- Under Cover
- Special Editorial
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By KAITLYN MEADE |
Some home and business owners learned in October that just because their building is not located in Flood Zone A, it does not necessarily mean the area is without flooding risks —Superstorm Sandy’s 14-foot storm surge caused some reevaluation of areas throughout New York City that are at lower elevations.
The result of those evaluations will soon be available online through FEMA (Federal Emergency Management Agency).
Crystal Tramunti, Natural Hazards Program Specialist at FEMA, who usually works near the Community Board offices at 90 Broadway but was deployed to Queens after Sandy, was on hand at Wednesday night’s Community Board 1 Executive Committee meeting to announce the release of coastal analysis and mapping tools for Lower Manhattan. The tools will “go live” on Sunday night.
A Region II Coastal Analysis and Mapping website will provide the latest information on Hurricane Sandy recovery efforts and Hurricane Sandy Advisory Base Flood Elevations available. The A.B.F.E.s will support rebuilding efforts in coastal New Jersey and New York. Information will be available to help business and home owners assess the risks of living in the coastal regions. There are also specialized toolkits for local leaders, builders, architects and lenders.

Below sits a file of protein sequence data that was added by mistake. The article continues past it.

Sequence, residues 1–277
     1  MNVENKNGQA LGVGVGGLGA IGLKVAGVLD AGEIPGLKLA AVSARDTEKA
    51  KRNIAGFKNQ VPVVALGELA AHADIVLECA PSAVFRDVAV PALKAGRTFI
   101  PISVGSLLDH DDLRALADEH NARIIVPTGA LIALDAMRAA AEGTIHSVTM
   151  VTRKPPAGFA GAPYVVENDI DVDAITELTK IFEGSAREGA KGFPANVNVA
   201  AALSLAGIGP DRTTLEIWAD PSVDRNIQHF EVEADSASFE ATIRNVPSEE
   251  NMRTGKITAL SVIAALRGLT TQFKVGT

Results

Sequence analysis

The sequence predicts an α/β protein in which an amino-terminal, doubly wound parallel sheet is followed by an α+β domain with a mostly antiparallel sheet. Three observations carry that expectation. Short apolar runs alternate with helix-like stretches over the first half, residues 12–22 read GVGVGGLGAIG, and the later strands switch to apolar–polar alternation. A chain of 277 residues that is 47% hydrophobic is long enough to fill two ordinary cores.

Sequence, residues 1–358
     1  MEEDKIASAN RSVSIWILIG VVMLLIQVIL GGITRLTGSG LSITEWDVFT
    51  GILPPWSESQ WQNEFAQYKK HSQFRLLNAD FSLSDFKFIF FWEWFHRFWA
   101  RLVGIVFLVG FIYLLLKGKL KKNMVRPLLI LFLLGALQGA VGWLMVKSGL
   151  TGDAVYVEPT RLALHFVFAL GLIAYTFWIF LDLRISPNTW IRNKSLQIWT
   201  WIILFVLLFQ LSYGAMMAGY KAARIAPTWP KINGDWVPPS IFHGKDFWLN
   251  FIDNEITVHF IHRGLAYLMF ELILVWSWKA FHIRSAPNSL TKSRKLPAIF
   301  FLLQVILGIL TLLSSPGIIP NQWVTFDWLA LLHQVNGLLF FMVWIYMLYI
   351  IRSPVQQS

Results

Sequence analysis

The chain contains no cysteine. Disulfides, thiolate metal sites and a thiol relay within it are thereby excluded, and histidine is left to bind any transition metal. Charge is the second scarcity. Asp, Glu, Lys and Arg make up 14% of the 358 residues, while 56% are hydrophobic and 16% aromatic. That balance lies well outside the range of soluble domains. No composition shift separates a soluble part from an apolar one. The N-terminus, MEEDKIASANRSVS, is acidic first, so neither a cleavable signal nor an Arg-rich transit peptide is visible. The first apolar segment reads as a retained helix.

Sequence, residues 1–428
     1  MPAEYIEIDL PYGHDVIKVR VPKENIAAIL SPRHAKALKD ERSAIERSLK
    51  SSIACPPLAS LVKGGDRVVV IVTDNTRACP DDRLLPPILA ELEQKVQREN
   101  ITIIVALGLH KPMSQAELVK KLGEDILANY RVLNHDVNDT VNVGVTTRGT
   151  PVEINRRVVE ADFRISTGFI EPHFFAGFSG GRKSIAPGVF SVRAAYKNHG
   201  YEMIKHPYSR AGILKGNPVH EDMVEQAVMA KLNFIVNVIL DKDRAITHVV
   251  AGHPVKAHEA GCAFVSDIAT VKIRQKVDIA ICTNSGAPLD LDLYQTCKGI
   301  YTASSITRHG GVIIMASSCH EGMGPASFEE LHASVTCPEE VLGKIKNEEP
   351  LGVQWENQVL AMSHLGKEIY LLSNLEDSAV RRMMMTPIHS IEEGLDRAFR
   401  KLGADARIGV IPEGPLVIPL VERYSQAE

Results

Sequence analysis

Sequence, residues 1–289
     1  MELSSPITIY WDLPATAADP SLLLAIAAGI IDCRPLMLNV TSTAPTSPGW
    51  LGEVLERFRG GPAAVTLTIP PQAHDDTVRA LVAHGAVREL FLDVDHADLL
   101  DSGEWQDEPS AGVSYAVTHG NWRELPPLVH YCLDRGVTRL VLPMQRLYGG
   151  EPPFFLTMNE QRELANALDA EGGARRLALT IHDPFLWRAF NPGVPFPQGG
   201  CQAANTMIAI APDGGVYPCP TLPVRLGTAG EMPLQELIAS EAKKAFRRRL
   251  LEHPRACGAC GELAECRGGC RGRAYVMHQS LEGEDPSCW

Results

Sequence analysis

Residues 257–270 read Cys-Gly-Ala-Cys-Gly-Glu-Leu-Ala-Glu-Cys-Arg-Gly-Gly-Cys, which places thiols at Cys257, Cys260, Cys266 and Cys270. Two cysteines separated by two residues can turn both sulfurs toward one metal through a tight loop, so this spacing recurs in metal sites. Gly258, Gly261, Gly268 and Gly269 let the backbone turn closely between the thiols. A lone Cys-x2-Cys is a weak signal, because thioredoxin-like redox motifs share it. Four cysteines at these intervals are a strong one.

Typing in an address will show the elevation and risk designation of the spot and link to other tools about purchasing appropriate flood insurance.
“When these products go live this Sunday, there are a lot of great tools on the website to help people through the process,” she said, including answering questions about elevation above sea-level in each area and the changing dynamics of a flood zone.
The first stop, Tramunti said, is a youtube video that shows how to use the site.
C.B. 1 Chairperson Catherine McVay Hughes said she had been on the website already, but that the maps and tools for Lower Manhattan had not been released when she visited. As to whether the site was “user-friendly,” she said she would have to take more time to decide.
“I guess I was frustrated because I didn’t see Lower Manhattan on it,” Hughes said, adding, “I’ll know how useful it will be when I see Lower Manhattan on it, which we know very well.”
For more information, visit www.region2coastal.com